Figure 4-21A.Negative clamper and waveform.
Figure 4-21B.Negative clamper and waveform.
At T0 the +25 volt input signal applied to the circuit appears across R1 and D1. This makes the
anode of D1 positive with respect to the cathode and it conducts heavily. Diode resistance is very small
causing C1 to charge quickly. As the voltage across C1 increases, the output voltage decreases. The
voltage across C1 reaches 25 volts quickly; during most of T0 to T1, the output voltage is 0.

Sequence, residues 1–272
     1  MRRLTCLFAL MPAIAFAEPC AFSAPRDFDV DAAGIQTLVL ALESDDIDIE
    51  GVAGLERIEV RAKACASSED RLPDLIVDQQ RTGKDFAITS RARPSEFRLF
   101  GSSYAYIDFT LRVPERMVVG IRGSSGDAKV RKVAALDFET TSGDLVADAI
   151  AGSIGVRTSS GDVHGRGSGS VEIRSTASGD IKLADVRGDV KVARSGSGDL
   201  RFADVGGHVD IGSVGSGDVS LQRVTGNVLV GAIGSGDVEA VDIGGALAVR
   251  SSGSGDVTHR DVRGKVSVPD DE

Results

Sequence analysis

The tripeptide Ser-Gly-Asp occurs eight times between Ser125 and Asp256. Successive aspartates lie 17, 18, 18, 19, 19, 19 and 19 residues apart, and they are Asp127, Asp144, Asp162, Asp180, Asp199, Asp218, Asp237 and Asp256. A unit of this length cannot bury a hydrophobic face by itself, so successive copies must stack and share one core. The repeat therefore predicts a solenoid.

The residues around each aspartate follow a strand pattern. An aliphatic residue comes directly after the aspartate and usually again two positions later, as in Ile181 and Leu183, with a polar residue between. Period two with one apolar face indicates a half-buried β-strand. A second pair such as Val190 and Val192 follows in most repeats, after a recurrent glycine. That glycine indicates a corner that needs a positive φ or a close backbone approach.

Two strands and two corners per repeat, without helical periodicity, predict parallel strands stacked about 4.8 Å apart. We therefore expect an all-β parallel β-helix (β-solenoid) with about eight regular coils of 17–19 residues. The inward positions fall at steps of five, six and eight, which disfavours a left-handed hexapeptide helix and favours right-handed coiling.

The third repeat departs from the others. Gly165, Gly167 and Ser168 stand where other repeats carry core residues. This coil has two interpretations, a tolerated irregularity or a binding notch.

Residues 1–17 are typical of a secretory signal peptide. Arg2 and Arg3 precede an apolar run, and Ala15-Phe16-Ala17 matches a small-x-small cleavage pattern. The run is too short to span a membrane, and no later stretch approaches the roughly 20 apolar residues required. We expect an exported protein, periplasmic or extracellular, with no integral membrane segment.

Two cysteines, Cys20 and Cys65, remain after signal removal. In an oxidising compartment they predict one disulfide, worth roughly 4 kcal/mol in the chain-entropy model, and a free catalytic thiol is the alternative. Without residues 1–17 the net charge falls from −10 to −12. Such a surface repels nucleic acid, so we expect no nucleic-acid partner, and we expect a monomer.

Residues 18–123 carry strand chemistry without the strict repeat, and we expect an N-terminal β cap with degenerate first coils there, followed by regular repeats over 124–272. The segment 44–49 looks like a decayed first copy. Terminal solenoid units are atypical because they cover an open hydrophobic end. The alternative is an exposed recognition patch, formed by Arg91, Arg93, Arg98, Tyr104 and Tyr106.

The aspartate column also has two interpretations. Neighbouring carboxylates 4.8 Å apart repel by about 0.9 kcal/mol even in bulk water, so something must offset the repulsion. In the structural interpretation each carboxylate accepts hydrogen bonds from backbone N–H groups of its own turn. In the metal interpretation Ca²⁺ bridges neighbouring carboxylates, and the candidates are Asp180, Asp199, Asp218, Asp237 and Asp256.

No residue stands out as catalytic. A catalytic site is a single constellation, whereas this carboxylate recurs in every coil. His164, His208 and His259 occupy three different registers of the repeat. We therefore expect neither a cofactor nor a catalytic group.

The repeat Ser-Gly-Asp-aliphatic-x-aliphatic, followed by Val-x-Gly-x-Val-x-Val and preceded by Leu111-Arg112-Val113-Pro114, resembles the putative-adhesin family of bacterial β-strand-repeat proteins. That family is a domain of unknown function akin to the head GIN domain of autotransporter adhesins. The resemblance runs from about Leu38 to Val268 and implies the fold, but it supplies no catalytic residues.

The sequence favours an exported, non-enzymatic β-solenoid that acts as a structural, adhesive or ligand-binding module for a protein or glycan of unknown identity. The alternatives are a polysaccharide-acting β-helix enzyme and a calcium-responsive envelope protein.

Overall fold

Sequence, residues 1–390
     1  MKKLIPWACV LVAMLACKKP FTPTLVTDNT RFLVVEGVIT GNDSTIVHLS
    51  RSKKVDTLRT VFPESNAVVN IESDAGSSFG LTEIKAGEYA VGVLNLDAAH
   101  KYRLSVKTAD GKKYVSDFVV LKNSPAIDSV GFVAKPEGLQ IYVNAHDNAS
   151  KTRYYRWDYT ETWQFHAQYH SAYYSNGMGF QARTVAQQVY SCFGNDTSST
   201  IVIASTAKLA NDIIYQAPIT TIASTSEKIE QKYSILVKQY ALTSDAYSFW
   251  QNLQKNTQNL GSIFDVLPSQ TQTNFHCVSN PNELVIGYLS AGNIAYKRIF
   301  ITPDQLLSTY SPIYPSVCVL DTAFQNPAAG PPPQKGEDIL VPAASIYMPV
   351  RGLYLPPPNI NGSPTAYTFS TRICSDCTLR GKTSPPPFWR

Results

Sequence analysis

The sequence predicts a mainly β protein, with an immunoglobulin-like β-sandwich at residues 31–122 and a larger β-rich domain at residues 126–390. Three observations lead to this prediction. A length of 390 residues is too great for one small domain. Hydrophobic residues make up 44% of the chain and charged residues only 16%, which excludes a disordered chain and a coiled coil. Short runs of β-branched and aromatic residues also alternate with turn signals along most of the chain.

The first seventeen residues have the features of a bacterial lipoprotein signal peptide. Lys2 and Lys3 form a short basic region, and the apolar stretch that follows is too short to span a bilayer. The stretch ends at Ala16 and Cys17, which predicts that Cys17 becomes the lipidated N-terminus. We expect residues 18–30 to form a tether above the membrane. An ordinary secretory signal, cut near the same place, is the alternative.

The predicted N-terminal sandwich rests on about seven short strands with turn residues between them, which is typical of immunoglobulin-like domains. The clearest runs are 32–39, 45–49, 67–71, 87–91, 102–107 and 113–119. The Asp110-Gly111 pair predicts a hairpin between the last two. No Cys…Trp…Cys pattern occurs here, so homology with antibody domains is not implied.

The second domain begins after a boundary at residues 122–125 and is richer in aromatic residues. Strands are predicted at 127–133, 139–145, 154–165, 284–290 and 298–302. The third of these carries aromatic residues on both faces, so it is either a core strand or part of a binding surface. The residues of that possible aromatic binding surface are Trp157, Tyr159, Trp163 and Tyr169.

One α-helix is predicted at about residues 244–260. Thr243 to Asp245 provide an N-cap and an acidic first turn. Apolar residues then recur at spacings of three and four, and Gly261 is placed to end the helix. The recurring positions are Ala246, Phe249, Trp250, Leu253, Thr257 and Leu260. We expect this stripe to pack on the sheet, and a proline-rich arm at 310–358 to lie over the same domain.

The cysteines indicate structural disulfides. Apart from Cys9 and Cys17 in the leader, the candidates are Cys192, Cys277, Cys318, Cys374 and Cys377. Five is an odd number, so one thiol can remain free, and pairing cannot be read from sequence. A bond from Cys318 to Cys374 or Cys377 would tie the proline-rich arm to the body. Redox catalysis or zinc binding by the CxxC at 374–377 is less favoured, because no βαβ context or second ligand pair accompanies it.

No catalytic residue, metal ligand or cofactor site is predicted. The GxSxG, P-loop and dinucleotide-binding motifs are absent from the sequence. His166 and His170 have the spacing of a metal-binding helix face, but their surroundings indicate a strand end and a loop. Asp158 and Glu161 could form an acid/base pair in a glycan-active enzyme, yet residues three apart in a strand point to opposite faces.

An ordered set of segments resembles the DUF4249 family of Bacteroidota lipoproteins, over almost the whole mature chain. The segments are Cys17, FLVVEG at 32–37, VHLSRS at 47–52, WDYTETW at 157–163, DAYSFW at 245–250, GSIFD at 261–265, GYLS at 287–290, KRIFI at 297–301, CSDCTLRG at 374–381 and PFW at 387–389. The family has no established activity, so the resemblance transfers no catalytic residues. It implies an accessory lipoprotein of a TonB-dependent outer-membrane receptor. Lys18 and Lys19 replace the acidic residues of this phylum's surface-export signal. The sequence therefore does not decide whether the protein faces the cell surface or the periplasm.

At T1 the voltage across the capacitor and the input voltage are series aiding and result in
appearing at the output. At this time the diode is reverse biased and does not conduct. Because of the size
of R and C, the capacitor discharges only 2 volts to approximately 23 volts from T1 to T2. Using
Kirchhoff's voltage law to determine voltage in the circuit, we find that the output voltage decreases from
At T2 the +25 volt input signal and the 23 volts across C1 are series opposing. The output voltage is
+2 volts. The anode of D1 is positive with respect to the cathode and D1 will conduct. From T2 to T3, C1
charges quickly from 23 to 25 volts through D1. At the same time, the output voltage falls from +2 to 0